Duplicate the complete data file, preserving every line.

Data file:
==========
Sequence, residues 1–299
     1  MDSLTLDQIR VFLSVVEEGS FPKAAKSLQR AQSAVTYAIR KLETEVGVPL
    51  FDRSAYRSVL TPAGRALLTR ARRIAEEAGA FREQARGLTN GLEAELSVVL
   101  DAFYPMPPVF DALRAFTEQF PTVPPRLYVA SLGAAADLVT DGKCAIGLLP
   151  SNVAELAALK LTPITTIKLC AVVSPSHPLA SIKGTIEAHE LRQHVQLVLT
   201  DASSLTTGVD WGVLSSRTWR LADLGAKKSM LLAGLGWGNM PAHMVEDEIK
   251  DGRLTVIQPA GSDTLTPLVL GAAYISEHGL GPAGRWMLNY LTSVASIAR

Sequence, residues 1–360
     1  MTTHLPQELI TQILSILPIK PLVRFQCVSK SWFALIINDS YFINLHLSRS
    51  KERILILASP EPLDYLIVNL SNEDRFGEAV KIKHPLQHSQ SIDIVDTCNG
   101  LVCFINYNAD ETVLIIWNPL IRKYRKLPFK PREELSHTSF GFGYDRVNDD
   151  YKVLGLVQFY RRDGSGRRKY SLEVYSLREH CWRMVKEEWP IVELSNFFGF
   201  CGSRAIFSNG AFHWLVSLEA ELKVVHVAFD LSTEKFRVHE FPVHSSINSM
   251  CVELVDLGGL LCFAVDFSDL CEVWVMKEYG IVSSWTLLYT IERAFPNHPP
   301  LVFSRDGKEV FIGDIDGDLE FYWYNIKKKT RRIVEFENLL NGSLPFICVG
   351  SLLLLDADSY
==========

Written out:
Sequence, residues 1–299
     1  MDSLTLDQIR VFLSVVEEGS FPKAAKSLQR AQSAVTYAIR KLETEVGVPL
    51  FDRSAYRSVL TPAGRALLTR ARRIAEEAGA FREQARGLTN GLEAELSVVL
   101  DAFYPMPPVF DALRAFTEQF PTVPPRLYVA SLGAAADLVT DGKCAIGLLP
   151  SNVAELAALK LTPITTIKLC AVVSPSHPLA SIKGTIEAHE LRQHVQLVLT
   201  DASSLTTGVD WGVLSSRTWR LADLGAKKSM LLAGLGWGNM PAHMVEDEIK
   251  DGRLTVIQPA GSDTLTPLVL GAAYISEHGL GPAGRWMLNY LTSVASIAR

Sequence, residues 1–360
     1  MTTHLPQELI TQILSILPIK PLVRFQCVSK SWFALIINDS YFINLHLSRS
    51  KERILILASP EPLDYLIVNL SNEDRFGEAV KIKHPLQHSQ SIDIVDTCNG
   101  LVCFINYNAD ETVLIIWNPL IRKYRKLPFK PREELSHTSF GFGYDRVNDD
   151  YKVLGLVQFY RRDGSGRRKY SLEVYSLREH CWRMVKEEWP IVELSNFFGF
   201  CGSRAIFSNG AFHWLVSLEA ELKVVHVAFD LSTEKFRVHE FPVHSSINSM
   251  CVELVDLGGL LCFAVDFSDL CEVWVMKEYG IVSSWTLLYT IERAFPNHPP
   301  LVFSRDGKEV FIGDIDGDLE FYWYNIKKKT RRIVEFENLL NGSLPFICVG
   351  SLLLLDADSY